The early start did not deter our members nor our guests who came for the coffee and the spread. On the menu were muffins, friands and fruit, catered by Tiger Lily and brought to the venue by Marionne and Samantha. Coffees were organised by Annabel Triese, who coordinated with Porta Via downstairs, and Sarah, Christine and Mary who ferried the coffees up so that our members and guests could get their caffeine fix before the talks began.
The speakers for the panel were:
The Hon Neil Brown QC;
Mr Kurt Esser;
Dr Ian Turnbull; and
Mr Daniel Lau
Both Neil and Kurt are not second career lawyers, but they have years of wisdom from their career changes. Neil entered the bar in 1963, before deciding to enter politics where he served as a Minister in the Fraser government. He is now back at the bar, and comments that he likes the law more now than when he started, having carved for himself a career in arbitration and mediation, especially in the area of domain disputes.
Kurt on the other hand had worked both in the US and in Australia. He was previously working in a New York law firm before returning to Australia to carry out his practical legal training at Leo Cussen. Kurt was at the bar for 25 years before he decided to set up his own practice with his wife who is a migration agent. Currently, Kurt’s practice deals mainly with commercial law.
Ian and Daniel are both second career lawyers. Ian carried out his PhD in molecular genetics in the University of Melbourne. While he was working as a research fellow, Ian did his law degree part time at the University of Melbourne. He moved between academia and law for a number of years before deciding to enter the bar in 1996, where he has been at, ever since. Ian counts the changes that intellectual property law made to the way that science was being done as his main reason for entering the legal profession.
Daniel, who is the youngest of our panel speakers, was a teacher before deciding to do his law degree. He is currently a graduate lawyer in Herbert Smith Freehills. Daniel chose to take the clerkship-traineeship role, and hence put a lot of effort into securing a clerkship during his time in law school.
Despite the differences in years amongst all our guests, the advice that they gave was very consistent.
Firstly, have a broad range of friends as you never know where your next opportunity will come from. Kurt spoke of the opportunities he got from the people he played sport with. Ian raised an example of a solicitor who obtained business opportunities from his ethnic community while carrying out his practice in the suburbs.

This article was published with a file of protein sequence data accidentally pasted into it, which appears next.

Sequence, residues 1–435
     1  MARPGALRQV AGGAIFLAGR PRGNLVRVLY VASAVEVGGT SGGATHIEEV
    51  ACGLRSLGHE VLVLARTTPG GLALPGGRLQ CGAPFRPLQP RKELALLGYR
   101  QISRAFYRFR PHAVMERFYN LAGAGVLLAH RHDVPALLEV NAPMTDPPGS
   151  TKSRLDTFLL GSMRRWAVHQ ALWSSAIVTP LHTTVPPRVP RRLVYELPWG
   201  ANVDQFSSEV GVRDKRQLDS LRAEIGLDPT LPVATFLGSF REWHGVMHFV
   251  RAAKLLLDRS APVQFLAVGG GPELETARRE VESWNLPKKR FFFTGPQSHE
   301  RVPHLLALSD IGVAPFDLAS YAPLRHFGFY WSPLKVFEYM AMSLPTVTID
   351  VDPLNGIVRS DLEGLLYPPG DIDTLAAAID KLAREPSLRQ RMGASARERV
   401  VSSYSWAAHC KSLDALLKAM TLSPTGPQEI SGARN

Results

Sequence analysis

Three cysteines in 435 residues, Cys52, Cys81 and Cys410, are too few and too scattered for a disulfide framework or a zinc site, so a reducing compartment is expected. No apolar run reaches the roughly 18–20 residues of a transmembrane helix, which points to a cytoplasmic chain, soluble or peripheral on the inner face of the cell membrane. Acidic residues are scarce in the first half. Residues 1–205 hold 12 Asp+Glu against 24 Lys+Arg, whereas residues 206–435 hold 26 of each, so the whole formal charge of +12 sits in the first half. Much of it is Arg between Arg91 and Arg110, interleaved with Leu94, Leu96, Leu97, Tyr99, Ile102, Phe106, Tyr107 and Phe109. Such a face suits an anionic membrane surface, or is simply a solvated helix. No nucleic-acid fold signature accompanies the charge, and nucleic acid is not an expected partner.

Secondly, use your background and language skills to your advantage. Ian spoke of the importance of telling your prospective employers, your proficiency in a second language. Kurt agreed, stating that in migration law, it’s difficult to practise if you do not have proficiency in a second language. Daniel spoke about his experience teaching Japanese to the firm he clerked at when their usual Japanese teacher was unavailable.
Also, in relation to the second point, Daniel points out that one should play to one’s strengths when seeking opportunities. As an example, Daniel sought out internships in the Victoria Law Foundation and the Judicial College, both organisations which would play to the strengths of those who were formerly teachers. Ian also agreed with this point. He uses his background in science to draft submissions in relation to law reform in intellectual property law.
Thirdly, keep plugging away. Don’t be put off by rejections, but importantly, don’t put all your eggs in one basket either. It is easy during the clerkship process to have one’s heart set on one firm. However, one should remember that one is also competing with other students who may also have their heart set on that firm. The odds of landing a clerkship are probably better if you apply to a number of firms. However, as Daniel cautioned, make sure you tailor your cover letter to each firm.
Finally, look after your health and family. Ian noted that during the lean times of your career, you may be more dependent on your spouse for income while you look after your kids. Law is an intense career, so it is easy to forget one’s partner and one’s kids. His advice was that we should treasure them.Kurt agreed, pointing out that alcoholism is also rife in the profession. Consequently, he advised us to look after our health.
Following the end of the panel session, all our guests received gifts from the LLSN, which were, yes you’ve guessed it, bottles of wine. Perhaps our take-away message should be, alcohol in moderation is not detrimental to one’s health, but we should not use alcohol as a way of alleviating our stress levels.
Our members mingled for a while before we had to vacate the room. More contacts were made between first years and upper years, and more ideas were put forward for future events.